You know it’s business when it’s in the Wall St. Journal

You know it’s business when it’s in the Wall St. Journal
: Advertising on weblogs — and Henry Copeland’s BlogAds — get a well-deserved story in the Wall Street Journal today.

The Chandler campaign is evidence of the latest step in the evolution of the Internet. Blogs, once derided as solipsistic exercises by self-important nobodies, are starting to go commercial as their readership grows.

The trend is in its early stages; big advertisers like Coke and Procter & Gamble aren’t yet hawking their wares on blogs. Indeed, much of the advertising is found on politically oriented blogs, which are experiencing a spike in readership from the presidential election. Many people wonder if the blog ad boomlet will outlast the election.

But other Internet institutions have had similarly modest origins; recall that eBay started out as a place to trade Beanie Babies and Pez dispensers. And it’s no surprise that as blogs grow in popularity, they are beginning to attract advertisers.

I am confident that weblogs and citizens’ media are going to be a tremendous medium for marketing and will make real money for their proprieters. It always takes time for advertisers and agencies to catch up — hell, they’re still catching up to the Internet… and cable — but catch up, they will. I’ve written here frequently that we still need some infrastructure to support marketing (see, for example, yesterday’s note on RSS and measurement) but once it is in place, this will explode.

  • michael

    I don’t agree that advertising on blogs is a good thing. This is likely going to have the same impact on blogs as it had on newspapers – shifting this discourse from a public to a private sphere (ala Habermas). Changes in content will appear as bloggers try to increase their “ratings,” and what will happen when content begins to be self-censored in order to “please” your marketing partners?

  • Well, the great thing is, Michael, nobody’s making you advertise on your blog. But if somebody else wants to advertise on his blog, that’s his business, not yours, mine or Dave Winer’s.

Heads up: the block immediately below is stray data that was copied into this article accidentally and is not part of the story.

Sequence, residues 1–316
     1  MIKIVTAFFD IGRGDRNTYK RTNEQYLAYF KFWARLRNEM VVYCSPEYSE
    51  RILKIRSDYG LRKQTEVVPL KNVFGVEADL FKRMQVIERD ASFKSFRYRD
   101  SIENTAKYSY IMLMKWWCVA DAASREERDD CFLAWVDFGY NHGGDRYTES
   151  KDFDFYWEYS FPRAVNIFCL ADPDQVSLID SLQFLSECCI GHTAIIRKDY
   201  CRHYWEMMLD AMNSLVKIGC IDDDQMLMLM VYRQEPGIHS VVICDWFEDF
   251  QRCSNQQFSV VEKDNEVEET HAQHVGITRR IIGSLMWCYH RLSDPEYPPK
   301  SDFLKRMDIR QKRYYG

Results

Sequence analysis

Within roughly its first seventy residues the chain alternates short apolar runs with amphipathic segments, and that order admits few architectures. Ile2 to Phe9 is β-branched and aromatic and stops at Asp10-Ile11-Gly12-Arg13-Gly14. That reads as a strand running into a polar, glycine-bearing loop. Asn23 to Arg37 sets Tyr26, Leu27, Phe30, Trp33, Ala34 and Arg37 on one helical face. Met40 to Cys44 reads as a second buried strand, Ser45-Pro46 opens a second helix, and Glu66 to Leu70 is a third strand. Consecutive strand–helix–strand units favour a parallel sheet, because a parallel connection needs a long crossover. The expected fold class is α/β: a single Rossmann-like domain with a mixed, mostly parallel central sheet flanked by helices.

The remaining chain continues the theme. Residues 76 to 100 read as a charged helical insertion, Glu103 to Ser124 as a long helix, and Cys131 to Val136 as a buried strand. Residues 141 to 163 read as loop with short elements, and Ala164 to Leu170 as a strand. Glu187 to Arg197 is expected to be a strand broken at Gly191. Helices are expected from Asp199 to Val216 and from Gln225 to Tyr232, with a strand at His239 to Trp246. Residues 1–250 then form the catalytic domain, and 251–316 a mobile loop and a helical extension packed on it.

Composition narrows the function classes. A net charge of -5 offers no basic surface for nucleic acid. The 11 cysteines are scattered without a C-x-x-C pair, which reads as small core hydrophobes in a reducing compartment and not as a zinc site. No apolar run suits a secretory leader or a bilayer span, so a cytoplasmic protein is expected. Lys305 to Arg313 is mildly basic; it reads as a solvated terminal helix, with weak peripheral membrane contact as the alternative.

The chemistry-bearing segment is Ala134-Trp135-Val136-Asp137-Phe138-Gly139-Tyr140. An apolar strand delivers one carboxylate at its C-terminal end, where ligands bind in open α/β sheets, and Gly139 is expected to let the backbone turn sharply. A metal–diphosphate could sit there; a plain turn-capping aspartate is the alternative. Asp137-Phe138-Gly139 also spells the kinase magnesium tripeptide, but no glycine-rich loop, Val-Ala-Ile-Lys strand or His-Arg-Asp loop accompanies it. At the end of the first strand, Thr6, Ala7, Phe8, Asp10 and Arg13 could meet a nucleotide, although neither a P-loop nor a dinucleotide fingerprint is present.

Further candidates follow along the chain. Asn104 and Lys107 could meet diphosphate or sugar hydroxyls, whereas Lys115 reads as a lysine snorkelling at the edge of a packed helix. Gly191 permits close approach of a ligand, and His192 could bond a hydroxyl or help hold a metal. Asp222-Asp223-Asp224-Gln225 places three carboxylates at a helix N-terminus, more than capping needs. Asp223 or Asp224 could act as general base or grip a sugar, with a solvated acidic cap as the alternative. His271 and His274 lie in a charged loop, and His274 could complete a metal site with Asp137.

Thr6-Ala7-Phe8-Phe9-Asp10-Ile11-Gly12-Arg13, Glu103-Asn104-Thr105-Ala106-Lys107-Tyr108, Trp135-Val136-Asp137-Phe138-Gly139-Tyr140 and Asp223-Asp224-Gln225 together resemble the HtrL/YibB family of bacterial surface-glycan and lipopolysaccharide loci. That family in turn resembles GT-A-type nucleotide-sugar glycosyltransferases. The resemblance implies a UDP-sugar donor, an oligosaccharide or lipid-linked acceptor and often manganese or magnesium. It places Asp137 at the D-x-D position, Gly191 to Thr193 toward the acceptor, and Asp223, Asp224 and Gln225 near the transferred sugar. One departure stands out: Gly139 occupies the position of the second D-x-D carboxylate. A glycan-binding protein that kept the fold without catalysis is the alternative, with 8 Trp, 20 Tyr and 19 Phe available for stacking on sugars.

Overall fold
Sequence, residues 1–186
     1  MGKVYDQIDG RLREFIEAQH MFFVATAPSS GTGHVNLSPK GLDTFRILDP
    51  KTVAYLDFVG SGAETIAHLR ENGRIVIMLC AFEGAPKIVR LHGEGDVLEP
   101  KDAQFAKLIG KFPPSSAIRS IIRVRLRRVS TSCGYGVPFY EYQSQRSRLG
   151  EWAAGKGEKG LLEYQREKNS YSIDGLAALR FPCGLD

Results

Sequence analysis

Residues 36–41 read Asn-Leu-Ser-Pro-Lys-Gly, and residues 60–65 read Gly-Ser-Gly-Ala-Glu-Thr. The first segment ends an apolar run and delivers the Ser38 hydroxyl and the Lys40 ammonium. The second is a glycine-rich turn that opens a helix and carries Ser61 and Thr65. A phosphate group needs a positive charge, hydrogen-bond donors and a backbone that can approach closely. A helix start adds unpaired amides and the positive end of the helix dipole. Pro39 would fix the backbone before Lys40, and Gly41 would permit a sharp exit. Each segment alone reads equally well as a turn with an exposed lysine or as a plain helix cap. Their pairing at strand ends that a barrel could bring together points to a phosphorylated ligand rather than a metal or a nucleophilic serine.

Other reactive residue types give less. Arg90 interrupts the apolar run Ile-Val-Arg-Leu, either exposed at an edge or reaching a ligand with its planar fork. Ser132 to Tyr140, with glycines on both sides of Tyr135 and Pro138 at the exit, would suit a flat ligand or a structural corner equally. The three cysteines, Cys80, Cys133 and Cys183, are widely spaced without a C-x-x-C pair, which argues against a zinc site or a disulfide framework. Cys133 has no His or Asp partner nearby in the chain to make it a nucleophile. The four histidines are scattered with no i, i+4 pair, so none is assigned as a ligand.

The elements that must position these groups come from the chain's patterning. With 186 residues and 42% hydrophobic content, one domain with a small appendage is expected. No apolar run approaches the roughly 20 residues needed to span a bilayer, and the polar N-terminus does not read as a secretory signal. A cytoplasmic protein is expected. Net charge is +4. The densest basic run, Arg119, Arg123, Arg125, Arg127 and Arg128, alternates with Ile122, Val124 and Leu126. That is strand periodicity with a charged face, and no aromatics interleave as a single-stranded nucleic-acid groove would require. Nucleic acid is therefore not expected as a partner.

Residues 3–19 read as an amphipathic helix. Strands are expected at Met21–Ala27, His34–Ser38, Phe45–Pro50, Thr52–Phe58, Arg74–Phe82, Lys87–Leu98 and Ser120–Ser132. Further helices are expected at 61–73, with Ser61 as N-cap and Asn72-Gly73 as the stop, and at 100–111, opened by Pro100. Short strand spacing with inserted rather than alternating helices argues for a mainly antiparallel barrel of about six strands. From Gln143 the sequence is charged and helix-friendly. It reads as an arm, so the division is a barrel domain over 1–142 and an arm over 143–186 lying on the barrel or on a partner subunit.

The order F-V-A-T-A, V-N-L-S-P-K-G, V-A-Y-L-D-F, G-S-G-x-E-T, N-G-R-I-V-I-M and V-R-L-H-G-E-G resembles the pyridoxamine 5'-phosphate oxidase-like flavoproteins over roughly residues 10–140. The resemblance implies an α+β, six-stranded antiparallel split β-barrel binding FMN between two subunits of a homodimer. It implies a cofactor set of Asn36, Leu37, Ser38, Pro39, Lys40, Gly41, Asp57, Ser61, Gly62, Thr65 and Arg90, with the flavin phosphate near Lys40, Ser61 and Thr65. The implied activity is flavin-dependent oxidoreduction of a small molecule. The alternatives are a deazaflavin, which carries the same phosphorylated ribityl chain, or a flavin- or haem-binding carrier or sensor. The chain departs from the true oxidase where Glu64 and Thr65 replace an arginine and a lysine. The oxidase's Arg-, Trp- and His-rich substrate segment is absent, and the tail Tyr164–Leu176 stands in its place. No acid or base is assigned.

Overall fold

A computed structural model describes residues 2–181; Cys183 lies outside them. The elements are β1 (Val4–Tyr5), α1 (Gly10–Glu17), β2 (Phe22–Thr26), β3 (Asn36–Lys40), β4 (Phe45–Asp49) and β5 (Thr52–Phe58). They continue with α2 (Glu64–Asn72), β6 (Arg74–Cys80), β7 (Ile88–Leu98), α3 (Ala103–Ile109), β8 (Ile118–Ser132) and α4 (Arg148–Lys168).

To demand some kind of “purity” mandate in the blogosphere is (a) unrealistic and (b) it’s projecting some kind of collectivist quality it simply does not have.
    Sure, with advertising there are trade-offs, like you mentioned. Advertising does affect content, but then again, so does getting laid.

  • I think demand is broad enough that great bloggers won’t need to tailor their messages to please marketers.
    The contrary may be the case. See, for example,

  • Pete

    I’m all for Bloggers making money from their sites. But how long before reading blogs will be just as annoying as reading other commercial websites? If blogads become big, how long before they move from just banner ads to extra transition pages, Flash ads that you can’t close, pop-ups, pop-unders and all the other annoying things the marketers haven’t thought up yet?
    One of the joys of reading blogs is that they are simple and straightforward. I don’t have to wade through all the commercial crap just to get the information and content I want. If blogads become big, I think this will end.
    As soon as blogads begin to waste my time by being ever more distracting, I’ll stop reading them. And I think many others will too – which kind of defeats the purpose of advertising. I just hope my favorite writers consider this when they are getting pressure from the ad agencies to make blogads more and more annoying.

  • Excellent point Pete. Advertising on a blog is like advertising on someone’s living room wall –it better fit with the aesthetic and psychic decor or nobody is going to be happy. So I spend a fair amount of energy reining in the exhuberance of ad agency designers. I think bloggers are going to stick to their guns.

  • tom

    I agree that ads not fitting the feel of a site are ignored by most readers. That’s why ad agencies should allow bloggers to completely design the ads that go on their site; that way, the ads would fit nicely into the site “aesthetic.”

  • I think that blogads is good idea. I have at the moment two ads on my blog. I can’t compete with Jeff’s traffic, but I have found my own audience and readership. One thing that has come out of the ads is that I have started a guest column and I will soon conduct an interview with one of my supporters. I think that the blogads are of interest to my readers, but if they are “allergic” to advertising, they could read my blog in pure RSS text format.
    I am blogging because I think it is fun and it is a value to me. I have met new friends and I have been in contact with individuals who share the same core values and sense-of-life. I don’t think that I will get rich on my blogging, but the extra source of money (tips) I receive through ads will go to buying books (I have a Month of the Book section), subscribing to mailing lists in order to stay on top of things, et.c.
    I agree with Hugh Macleod’s comment that it is only the owner of the blog who should decide if he or she wants to include ads. If the readers are put off by this, they could (a) start their own blog, (b) stop reading the commercialized blog…
    Best Premises,
    Martin Lindeskog – “poor” capitalist & American in Spirit.